Article III of the US Constitution states that “the judicial Power of the United States, shall be vested in one supreme Court,” whose job it was to decide on the critical cases impacting the nation and be the safeguarder of citizens’ rights. In the 20th century specifically, the highest court in the land became even more crucial, making groundbreaking political decisions in cases such as Brown v. Board of Education (1954), Miranda v. Arizona (1965), and United States v. Nixon (1974) 

    Yet despite their supposed role, during the 20th century, the Court made a number of decisions that history books will view with disdain. With these being three of the more egregious cases of Supreme Court injustice. 

    Please note this will exclusively deal with 20th century cases. As infamous as the decisions in Dred Scott v. Sanford (1857) and Plessy v. Ferguson (1896) both were, they will not be counted in this piece.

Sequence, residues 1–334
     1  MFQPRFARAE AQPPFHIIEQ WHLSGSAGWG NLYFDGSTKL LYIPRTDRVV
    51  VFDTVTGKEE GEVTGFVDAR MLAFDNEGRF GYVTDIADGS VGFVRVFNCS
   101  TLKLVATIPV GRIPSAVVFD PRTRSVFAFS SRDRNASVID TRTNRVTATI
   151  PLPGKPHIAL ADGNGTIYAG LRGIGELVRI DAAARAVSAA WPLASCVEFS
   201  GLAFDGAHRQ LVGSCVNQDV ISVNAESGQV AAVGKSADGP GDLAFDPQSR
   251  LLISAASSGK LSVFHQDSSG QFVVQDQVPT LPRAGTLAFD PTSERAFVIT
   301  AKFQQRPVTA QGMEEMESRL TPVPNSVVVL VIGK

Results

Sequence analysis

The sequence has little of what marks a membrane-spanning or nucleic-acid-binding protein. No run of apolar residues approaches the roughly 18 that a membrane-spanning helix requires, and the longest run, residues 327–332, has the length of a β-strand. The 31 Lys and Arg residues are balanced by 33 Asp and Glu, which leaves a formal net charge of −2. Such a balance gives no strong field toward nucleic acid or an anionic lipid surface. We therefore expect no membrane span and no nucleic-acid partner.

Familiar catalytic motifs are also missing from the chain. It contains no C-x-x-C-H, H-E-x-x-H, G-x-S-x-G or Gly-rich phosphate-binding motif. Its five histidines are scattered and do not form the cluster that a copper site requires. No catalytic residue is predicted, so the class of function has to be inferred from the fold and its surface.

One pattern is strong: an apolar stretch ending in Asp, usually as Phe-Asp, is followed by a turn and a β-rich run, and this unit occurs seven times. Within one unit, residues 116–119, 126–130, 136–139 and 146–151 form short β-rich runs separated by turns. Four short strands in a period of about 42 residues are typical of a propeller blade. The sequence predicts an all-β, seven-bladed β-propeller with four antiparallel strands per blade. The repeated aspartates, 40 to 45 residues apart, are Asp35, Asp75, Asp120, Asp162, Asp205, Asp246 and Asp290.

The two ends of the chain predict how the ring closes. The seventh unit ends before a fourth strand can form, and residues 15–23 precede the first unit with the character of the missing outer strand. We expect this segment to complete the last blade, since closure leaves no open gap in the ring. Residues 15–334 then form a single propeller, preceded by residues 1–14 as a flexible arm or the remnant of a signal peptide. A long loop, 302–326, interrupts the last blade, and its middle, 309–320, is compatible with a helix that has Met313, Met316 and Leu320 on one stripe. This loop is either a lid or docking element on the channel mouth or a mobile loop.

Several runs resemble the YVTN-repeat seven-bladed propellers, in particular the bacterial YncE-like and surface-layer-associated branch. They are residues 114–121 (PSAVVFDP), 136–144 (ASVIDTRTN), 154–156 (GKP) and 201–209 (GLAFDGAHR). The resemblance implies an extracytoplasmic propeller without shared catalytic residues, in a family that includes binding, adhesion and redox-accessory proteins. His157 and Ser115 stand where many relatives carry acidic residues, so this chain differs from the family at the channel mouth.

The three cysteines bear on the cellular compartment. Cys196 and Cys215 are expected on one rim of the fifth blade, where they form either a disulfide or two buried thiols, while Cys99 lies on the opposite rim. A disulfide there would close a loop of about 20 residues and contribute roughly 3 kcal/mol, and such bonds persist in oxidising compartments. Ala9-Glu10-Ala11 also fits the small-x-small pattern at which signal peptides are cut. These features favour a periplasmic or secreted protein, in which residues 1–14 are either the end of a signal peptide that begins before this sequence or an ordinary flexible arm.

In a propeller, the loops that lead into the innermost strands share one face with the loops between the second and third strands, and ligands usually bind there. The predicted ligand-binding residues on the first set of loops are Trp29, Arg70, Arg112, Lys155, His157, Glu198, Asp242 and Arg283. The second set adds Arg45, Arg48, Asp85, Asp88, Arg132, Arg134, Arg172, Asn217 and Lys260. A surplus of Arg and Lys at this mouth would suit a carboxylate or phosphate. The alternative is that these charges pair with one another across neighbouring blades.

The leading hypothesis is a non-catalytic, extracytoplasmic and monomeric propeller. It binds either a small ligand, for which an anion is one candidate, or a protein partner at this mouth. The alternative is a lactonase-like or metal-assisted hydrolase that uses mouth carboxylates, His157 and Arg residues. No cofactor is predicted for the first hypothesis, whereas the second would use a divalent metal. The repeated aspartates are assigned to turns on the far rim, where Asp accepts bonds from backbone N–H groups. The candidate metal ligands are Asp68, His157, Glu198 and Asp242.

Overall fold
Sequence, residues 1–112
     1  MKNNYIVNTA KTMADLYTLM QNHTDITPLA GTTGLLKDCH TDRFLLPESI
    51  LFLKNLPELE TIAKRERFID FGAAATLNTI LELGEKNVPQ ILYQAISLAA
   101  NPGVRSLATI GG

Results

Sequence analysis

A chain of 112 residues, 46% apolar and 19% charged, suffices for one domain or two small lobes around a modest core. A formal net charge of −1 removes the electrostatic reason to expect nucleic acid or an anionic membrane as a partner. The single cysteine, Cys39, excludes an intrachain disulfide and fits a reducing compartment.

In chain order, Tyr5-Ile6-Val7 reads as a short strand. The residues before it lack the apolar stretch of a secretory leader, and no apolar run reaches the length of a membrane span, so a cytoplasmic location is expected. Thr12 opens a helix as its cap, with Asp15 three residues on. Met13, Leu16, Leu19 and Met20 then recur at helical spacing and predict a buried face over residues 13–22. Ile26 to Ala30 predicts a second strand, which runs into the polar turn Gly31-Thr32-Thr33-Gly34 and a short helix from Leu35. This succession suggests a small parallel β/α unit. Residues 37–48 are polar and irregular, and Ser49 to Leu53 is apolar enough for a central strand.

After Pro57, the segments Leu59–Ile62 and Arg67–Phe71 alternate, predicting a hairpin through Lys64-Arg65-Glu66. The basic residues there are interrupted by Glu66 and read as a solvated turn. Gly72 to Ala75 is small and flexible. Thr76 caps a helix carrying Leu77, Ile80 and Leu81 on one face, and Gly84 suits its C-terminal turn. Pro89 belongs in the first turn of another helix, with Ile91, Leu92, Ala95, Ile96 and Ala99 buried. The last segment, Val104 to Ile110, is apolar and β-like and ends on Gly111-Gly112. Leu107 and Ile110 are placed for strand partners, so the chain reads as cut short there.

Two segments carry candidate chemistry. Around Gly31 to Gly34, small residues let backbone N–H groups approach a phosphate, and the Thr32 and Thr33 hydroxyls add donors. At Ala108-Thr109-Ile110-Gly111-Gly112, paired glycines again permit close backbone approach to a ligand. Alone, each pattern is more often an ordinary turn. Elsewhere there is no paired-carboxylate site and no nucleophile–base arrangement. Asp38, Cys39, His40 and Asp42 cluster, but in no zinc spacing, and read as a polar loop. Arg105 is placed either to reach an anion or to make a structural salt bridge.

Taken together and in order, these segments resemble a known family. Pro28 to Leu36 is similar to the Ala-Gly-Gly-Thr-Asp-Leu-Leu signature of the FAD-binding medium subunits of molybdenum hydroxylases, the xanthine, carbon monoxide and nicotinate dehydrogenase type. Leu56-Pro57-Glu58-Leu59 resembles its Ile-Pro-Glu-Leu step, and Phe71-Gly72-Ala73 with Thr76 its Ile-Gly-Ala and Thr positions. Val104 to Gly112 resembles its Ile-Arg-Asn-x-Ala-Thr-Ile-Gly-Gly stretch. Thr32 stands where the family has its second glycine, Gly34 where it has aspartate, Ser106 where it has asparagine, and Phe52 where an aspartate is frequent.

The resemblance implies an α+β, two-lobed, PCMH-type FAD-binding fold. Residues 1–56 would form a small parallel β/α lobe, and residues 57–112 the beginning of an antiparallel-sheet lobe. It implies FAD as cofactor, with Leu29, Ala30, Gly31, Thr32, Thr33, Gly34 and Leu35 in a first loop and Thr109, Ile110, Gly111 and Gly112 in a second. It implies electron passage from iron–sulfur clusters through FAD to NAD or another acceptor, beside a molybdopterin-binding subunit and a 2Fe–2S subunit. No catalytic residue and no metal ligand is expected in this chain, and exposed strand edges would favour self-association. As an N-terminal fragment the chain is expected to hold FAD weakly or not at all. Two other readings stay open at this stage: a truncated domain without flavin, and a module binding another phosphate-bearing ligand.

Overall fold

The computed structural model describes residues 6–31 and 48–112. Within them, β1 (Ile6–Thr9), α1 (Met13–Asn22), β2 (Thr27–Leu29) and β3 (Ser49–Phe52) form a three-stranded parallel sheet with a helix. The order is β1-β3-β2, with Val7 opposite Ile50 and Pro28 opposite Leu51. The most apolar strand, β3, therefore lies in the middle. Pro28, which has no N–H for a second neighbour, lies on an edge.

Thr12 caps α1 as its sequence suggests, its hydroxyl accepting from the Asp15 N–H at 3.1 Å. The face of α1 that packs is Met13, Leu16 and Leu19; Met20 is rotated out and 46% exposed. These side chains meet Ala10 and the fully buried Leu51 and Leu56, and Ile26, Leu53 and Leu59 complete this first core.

Buck v. Bell (1927)

    (Photo: The New Yorker)

    Few Supreme Court cases are as truly depressing as the case of Buck v. Bell. 

    In 1924, the Virginia Steralization Act came into force, which allowed for the steralisation of the intellectually handicapped for the “health of the patient and the welfare of society.” 

    One such victim forced into compulsory steralisation was 17-year-old Carrie Buck. Like her mother, she was institutionalised, with her foster parents forcing her to be committed to the Virginia State Colony for Epileptics and Feebleminded.